Giant’s all-new carbon 29er cross country race bike is quick as lightning
Introduced in 2005, the Anthem 29 had been the brand’s premier cross-country race platform for a number of seasons. During that time, it has taken on various forms in terms of wheel size and frame material seeing the most recent update coming four years ago with a swap to 27.5-inch wheels and 110mm of travel. During those years, the Anthem X 100mm 29er remained in the line but the 27.5 version was considered the line's elite model and the bike the Giant factory team raced on. Giant was at the forefront of the movement toward the smaller 27.5 wheels, but as the pendulum has swung back to 29-inch wheels across categories, but particularly in cross-country racing, the 29er platform was in need of a serious update.
For 2018, the Anthem X 29 has undergone a total refresh. It gets an updated carbon fiber front end, with a new carbon rocker for the suspension, and on the top-end Advanced Pro model a full-carbon rear. Maestro suspension is still utilized with its floating virtual pivot point, but big changes here come in the form of a lower leverage rate and reduction in travel from 100mm to 90mm. The seatpost diameter is reduced to a 27.2 size for improved ride compliance, and it’s clamped down by a hidden binder at the top tube junction which allows Giant to shave a few more grams from the chassis. Boost spacing is featured front and rear, but don’t look for a front derailleur mount because there isn’t one—the new Anthem 29 is 1x drivetrain-specific. All Anthem 29 models come with a 100mm fork.
The new Anthem 29 is 1x drivetrain-specific and comes with a 100mm fork.
Along with the changes in materials are a few tweaks to the geometry that brings it inline with the current longer-lower-slacker trend. It now sports a 69-degree head angle—a full 2.5 degrees slacker than its predecessor. Another big geometry number change comes in the form of shorter chainstays. At 462mm the Anthem X 29 was on the long side, where as the new one comes in at a short 438mm. The bottom bracket gets 2mm lower while the seat angle steepens by .5 degrees. The new frame also grows in the front center with reach extending 24 to 27mm depending on frame size, while stack has also been reduced to get the bars in a more aggressive position should you want. Shorter stems and wide 780mm bars compliment the new longer reaches.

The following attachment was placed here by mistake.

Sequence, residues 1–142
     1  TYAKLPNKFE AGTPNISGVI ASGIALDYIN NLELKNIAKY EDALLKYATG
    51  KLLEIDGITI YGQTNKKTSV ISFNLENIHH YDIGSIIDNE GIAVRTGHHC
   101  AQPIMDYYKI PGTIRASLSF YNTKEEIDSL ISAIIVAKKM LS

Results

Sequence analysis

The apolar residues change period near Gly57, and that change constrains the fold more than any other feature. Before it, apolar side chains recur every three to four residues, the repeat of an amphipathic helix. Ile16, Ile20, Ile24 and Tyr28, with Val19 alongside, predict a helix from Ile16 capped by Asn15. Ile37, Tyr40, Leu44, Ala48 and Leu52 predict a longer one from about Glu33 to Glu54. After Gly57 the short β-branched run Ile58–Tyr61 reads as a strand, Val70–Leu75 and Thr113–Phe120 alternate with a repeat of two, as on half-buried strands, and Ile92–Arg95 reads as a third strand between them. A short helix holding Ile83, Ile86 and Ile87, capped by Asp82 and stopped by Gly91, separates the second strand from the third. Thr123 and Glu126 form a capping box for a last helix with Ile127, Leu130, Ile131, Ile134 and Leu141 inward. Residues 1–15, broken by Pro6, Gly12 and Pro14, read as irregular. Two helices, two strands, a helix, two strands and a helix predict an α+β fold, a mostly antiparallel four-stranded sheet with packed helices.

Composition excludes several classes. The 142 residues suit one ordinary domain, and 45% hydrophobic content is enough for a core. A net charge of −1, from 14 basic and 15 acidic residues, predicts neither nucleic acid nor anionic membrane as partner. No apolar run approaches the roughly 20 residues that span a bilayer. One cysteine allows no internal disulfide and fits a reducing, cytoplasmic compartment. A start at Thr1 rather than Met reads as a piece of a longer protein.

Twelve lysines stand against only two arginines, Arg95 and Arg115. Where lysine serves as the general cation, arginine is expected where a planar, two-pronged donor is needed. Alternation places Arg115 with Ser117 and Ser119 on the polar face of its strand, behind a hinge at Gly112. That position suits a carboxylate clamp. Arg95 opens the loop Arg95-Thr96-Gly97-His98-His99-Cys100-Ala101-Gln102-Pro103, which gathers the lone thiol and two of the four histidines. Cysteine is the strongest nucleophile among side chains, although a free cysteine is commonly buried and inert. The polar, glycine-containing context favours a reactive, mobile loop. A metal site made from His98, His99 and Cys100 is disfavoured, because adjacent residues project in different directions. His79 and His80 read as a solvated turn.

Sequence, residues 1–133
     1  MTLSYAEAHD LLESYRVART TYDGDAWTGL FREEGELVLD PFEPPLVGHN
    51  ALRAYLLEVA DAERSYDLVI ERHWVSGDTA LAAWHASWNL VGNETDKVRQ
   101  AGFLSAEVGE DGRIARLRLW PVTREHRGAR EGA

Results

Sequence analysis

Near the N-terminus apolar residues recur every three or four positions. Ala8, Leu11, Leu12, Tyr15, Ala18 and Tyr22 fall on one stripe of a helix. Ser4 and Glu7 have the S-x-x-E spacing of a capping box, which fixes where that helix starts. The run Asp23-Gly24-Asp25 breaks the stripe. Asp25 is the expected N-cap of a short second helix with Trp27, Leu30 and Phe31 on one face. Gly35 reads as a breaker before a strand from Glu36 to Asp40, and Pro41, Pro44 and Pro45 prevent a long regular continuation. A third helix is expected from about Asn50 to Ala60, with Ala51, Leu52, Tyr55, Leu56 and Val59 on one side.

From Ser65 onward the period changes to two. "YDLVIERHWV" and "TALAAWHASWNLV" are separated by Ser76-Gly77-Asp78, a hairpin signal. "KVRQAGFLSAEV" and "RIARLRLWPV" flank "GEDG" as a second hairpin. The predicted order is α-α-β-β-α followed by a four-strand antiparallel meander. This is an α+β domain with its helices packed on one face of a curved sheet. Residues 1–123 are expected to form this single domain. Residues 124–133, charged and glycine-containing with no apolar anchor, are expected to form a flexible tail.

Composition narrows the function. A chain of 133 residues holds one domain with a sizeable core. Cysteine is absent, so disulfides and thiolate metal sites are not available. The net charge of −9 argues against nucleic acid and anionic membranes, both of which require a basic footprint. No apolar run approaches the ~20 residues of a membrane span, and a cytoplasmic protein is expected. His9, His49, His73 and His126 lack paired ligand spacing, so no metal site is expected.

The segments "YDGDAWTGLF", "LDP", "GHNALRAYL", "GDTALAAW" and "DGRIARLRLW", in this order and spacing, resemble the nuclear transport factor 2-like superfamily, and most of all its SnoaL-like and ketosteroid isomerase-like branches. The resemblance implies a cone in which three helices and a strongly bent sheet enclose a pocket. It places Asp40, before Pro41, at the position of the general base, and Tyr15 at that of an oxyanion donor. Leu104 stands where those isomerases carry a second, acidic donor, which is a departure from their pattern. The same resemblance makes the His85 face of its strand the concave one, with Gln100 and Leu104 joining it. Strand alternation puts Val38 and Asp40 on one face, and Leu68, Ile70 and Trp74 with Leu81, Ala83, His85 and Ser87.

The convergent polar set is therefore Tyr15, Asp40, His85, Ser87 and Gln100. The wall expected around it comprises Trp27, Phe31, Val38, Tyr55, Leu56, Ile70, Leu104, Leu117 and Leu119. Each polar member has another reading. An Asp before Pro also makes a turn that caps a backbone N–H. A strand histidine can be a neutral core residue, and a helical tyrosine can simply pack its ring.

The Anthem 29, which starts at $3,750 with an ALUXX SL aluminum frame and swing arm. The $3,900 Anthem Advanced gets a carbon front triangle, as does the Anthem Advanced Pro 1 at $4,900 with higher end spec. 27.5-inch-wheeled Anthem and Anthem SX models remain in the line for 2018, positioned as speedy trail oriented bikes.
The RideI was able to secure an Anthem Advanced Pro 29 0—Giant’s flagship model. It tips the the scales at a svelte 22.3 pounds in a large size (no pedals). The build includes a Fox 32 Step Cast fork, SRAM XX1 Eagle drivetrain, SRAM Level Ultimate brakes and Giant’s tubeless-ready XCR-0 carbon wheels. The only addition I’d make is a dropper post to better reflect changes in riding styles, even for XC. Thankfully, there are plenty of 27.2mm diameter droppers on the market, including Giant’s own version, and I’m sure there will be more in the future.
The McGill trail in Souther California is a 12-mile point-to-point route with more than 3,750 feet of climbing that takes you above 8,000 feet. It’s been a go-to test loop for me for years, so it’s the perfect place to get a feel for the new Anthem. I’ve been a longtime fan of 29ers in all disciplines, but especially XC, so 27.5-inch wheeled versions of the Anthem didn’t totally light my fire. With the Anthem X 29 starting to feel dated, I was pretty excited about the new one—and it didn’t disappoint.
Acceleration is snappy and its suspension crisp-feeling under hard digs at the pedals. This particular model had a handlebar remote that activates both front- and rear-suspension lockouts. As I climbed, I toggled between firm and open settings, only to find little perceptible difference during seated pedaling on very smooth terrain. Rough, choppy sections revealed an active, smooth, suspension feel under power with a shock that stays high in its stroke, and maintaining great momentum through bigger holes and compressions. The lockout came in handy when rising out of the saddle to aggressively lay down power over a steep rise or in a sprint scenario, where both ends will yield a little movement. The new, lower leverage ratio and shock tune with sag set at 20 percent felt spot on with a firm, business-like feel that only moved when needed and kept enough in reserve for bigger hits while maximizing traction.
The shock tune with sag set at 20 percent felt spot on with a firm, business-like feel that only moved when needed, and kept enough in reserve for bigger hits.
I had made a few big efforts on the way up, never really turning myself inside out. But few things in nature scare me like lightening; so now I was going full-tilt race pace, charging as hard as I possibly could over a few punchy rollers before the trail turned downhill for the last four miles. Even as I pushed the bike hard through the driving rain with drops seemingly the size of nickels, it felt solid, wildly efficient and accurate in its handling, especially at these speeds. The shorter chainstays really give this bike a modern feel compared to the old one. Even with the slacker head angle, it seems to corner more quickly than before yet at the same time shows a more stable manner in the rough and fast straightaways. The new Anthem Advanced Pro 29 seems significantly improved in every way over the current model. Stay tuned for a long-term review, because a bike this fast is one I’m sure to spend way more time on.